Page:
Deep down I craved to know these worlds. Luckily one book changed it all for me: To Kill a Mockingbird. It was the first Classic I read. Yes I had read other books but anything that was deemed a classic or noteworthy daunted me. To Kill a Mockingbird I read within three days, and above all else I understood it, and in that the dawning realisation that classics are so, not because they are pretentious stories wrapped up in obscure language, but, because they are darn good stories which stand the test of time. In accomplishing this one book I felt with a little effort I could read whatever I wanted. Not knowing where to begin (as much as I love book shops, they still daunt me, how do you even begin to choose?) I literally logged on to my university website, and although being a science student, I accessed the English departments reading list for first year students; there I found Orlando..
A month or so ago I was listening to Radio 4's Start of the Week, the subject for the day being The Pleasure of Reading, with the main focus on Virginia Woolf and a philosopher I had yet to come across, Jacques Derrida. The discussion was based around what it means to oneself to read, and whether the meaning of a book comes from the author or the reader themselves. It tapped into some discussions I have had before with friends around the use of books within self discovery and self growth. I remember being taken aback by one such friend who didn't carve out that much time for fiction books, favouring to quench her amazing thirst for knowledge by concentrating upon non-fiction, factual based, self discovery books. I take this route often myself but can not deny the wealth of knowledge I have gained from reading 'stories', and particularly the knowledge I have gained in coming to know myself.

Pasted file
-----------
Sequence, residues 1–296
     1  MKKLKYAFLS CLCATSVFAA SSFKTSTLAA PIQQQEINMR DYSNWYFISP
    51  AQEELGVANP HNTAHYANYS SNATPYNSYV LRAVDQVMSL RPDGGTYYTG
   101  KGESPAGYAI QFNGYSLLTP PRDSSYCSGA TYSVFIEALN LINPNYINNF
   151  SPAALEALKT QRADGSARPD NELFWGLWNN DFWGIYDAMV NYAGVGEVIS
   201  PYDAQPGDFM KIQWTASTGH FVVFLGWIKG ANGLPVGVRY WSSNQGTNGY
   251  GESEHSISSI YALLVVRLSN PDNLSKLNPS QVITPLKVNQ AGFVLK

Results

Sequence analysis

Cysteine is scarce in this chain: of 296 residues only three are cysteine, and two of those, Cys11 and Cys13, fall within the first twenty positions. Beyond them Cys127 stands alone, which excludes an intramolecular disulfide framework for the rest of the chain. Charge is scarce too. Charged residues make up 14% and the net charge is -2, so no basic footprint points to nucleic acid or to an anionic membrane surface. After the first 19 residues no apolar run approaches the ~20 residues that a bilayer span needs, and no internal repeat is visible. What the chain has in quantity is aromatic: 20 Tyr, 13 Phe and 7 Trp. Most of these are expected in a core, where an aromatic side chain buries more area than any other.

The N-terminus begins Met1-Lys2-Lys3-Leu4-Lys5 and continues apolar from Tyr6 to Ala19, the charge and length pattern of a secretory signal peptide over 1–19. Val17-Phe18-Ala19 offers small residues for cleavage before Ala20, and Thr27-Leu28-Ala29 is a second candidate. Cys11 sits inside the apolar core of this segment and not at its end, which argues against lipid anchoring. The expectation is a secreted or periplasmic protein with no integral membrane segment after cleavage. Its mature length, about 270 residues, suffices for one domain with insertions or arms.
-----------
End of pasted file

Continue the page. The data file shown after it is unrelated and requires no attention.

The knowledge I speak of here is not that of the world around me, but the internal insight into how my mind works and perhaps the conditioning which has been layered upon it from the upbringing and society I have been exposed to.